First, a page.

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 Snakes and Their History

Snakes as a species are around 130 million years old. The first indications from early fossils places them in the Cretaceous period but the fossil evidence is inconclusive as small reptiles don’t leave good clear fossils as their small bones breakdown easily and become scattered. However, it is largely believed that the split genetic split between lizards and snakes happened around the Cretaceous period.

The earliest fossil records of the ancestors of snakes and lizards appeared as long ago as 200 million years, during the Triassic period along with the first dinosaurs. Snakes and Lizards are classified as Reptiles and form a class of vertebrate animals that sit between fish and amphibians on one side and birds and mammals on the other side.

Early fossils of snake like animals showed that they were short and heavy and were a combination of features from both lizards and snakes as we know them today. Unfortunately the link between these early reptiles and modern day snakes is lacking evidence and incomplete, and is based largely on theory.

It is most popularly believed that snakes evolved from a primitive burrowing type of lizard which would feed off subterranean creatures and avoid larger surface based predators. Early snakes would probably have lost the use of sight as their world was in total darkness. Similarly, ears would have been impractical and modern snakes developed a mechanism to detect sound through vibrations and sophisticated abilities for smelling scents and acute touch sensors.

Today, there is no family of lizards that provide a conclusive link between lizards and snakes. The Legless Amphisbaenians, or worm-lizard, was once thought to be a lizard evolving into a snake but research has discovered unique differences in this species that indicates it has evolved separately from lizards and snakes.

There are about 3000 species of modern snakes broken into 11 families and 354 genera or sub-family. Snakes form one of the four sub-orders of the Reptile class called Squamata, the others being;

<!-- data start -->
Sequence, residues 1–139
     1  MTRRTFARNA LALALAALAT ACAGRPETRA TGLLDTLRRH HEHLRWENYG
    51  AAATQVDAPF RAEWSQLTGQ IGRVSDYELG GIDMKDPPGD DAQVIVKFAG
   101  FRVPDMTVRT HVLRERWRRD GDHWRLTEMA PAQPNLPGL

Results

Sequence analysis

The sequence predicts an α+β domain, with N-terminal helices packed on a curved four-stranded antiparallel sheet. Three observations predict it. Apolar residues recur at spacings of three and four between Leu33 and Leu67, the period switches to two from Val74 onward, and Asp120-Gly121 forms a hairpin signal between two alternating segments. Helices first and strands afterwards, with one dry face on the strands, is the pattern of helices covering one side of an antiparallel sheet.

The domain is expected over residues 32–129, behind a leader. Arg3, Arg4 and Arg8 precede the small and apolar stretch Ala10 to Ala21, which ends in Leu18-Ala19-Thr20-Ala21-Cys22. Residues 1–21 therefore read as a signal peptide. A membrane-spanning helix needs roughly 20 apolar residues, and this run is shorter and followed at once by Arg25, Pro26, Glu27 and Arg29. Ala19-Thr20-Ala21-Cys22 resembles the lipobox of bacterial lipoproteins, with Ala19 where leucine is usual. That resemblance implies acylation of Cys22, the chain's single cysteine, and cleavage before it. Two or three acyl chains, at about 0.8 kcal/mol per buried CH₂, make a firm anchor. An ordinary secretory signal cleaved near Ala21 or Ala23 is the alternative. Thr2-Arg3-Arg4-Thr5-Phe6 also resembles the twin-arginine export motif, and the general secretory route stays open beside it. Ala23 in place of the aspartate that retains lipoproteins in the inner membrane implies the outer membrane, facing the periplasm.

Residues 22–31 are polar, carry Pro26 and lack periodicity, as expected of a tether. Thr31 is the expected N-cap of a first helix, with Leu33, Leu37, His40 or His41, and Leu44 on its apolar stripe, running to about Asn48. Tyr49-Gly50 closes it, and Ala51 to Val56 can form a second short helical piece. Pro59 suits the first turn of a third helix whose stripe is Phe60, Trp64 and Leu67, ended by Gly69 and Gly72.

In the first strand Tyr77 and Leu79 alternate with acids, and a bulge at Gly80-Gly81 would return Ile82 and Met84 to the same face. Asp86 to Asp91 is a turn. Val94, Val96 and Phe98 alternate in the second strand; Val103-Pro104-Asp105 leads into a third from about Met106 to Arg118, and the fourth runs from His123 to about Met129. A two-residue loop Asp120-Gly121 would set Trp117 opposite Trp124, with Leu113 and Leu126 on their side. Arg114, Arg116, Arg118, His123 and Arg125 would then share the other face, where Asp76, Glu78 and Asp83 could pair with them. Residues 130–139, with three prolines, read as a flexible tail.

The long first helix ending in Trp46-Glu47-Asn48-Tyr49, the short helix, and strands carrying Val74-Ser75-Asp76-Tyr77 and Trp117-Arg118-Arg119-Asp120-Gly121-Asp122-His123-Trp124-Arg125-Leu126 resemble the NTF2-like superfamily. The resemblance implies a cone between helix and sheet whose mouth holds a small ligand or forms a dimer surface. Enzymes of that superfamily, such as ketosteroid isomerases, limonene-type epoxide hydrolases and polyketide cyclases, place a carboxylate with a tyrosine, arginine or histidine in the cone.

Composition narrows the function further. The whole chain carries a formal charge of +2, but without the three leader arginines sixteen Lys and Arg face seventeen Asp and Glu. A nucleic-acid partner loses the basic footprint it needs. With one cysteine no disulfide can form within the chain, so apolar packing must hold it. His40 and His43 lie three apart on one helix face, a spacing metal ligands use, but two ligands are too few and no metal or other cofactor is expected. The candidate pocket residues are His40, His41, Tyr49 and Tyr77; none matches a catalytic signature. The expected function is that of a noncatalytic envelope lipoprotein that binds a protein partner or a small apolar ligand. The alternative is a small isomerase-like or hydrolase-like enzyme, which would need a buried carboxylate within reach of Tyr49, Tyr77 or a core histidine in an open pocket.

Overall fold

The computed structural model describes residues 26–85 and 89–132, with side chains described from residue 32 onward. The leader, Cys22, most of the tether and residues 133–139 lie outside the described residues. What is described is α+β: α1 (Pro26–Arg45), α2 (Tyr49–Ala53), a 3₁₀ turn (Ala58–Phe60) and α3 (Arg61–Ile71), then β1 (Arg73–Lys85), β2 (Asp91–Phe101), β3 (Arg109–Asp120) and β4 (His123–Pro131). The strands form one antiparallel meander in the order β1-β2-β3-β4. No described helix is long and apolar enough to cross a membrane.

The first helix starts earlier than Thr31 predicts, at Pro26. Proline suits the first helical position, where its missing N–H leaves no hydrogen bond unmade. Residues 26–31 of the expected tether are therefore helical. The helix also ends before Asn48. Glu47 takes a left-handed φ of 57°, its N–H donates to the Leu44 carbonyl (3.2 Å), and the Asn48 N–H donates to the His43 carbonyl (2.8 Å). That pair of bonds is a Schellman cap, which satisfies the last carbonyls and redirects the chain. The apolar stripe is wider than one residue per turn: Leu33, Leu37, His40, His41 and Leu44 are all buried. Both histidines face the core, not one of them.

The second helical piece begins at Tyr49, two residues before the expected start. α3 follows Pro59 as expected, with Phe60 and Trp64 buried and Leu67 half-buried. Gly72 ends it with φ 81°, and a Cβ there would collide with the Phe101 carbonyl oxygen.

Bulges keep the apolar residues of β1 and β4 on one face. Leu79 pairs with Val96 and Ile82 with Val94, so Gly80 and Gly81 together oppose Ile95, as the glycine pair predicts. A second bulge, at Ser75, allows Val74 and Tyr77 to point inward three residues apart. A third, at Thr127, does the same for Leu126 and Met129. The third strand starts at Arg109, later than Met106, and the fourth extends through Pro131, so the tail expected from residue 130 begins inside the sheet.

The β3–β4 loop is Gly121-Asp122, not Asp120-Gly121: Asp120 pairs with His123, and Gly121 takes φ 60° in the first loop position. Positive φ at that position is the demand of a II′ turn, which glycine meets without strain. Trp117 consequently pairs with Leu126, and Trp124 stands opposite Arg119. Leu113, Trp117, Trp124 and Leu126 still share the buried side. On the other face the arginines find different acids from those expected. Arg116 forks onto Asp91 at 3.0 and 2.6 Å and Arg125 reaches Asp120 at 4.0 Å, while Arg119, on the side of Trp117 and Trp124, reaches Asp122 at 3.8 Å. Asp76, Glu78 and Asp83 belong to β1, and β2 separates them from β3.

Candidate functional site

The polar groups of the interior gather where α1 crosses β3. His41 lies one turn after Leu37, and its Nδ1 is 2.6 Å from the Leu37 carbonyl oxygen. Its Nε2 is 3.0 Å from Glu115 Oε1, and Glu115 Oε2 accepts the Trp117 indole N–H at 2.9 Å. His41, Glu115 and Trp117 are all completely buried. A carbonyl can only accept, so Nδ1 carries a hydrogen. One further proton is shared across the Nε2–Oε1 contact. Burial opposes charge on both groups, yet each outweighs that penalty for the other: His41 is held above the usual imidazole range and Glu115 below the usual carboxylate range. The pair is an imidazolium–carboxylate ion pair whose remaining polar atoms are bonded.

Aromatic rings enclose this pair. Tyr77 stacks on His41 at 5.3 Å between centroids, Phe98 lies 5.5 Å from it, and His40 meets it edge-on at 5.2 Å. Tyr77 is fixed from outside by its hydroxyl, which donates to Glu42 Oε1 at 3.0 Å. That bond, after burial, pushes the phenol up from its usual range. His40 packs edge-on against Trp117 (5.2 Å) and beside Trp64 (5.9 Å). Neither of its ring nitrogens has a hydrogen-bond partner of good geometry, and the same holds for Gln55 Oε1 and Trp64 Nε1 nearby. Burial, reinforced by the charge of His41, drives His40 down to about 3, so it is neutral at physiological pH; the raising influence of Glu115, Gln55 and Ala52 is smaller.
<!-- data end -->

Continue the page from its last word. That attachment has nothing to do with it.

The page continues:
Chelonia – tortoises and turtles,
Crocodylia – crocodiles and alligators
Rhynchocephalia – Tuatara.

Squamata includes lizards, amphisbaenians and snakes. Snakes form a sub-order of Squamata known as Serpentes – hence the term serpents which is derived from the Latin name serpens, a crawling animal or snake.
In more generic terms the classes of vertebrate animals are orgainsed into six classes:

1.    Mammals
2.    Birds
3.    Reptiles
4.    Amphibians
5.    Bony Fish
6.    Cartilaginous Fish

Reptiles have unique characteristics that make them different from all other vertebrates. The most recognizable characteristic is that all reptiles have scaly skin, they respire (breathe) by means of lungs and they are cold blooded. No other vertebrate possess this unique combination of characteristics.

Snakes and their reptilian families increase in size with geographic locations closer to the equator. This is believed to be a result of the increased activity through the year due to climates that provide higher temperatures through the year. There are also many more species located in the warmer climates than in the cooler climates. Also, as altitude increases temperatures fall so there are fewer species of snakes (and other reptiles) in regions of high altitudes.

In spite of the constraints due to environmental preferences and needs, remarkably, snakes have populated a very high percentage of the earth’s surface. They are here to stay.

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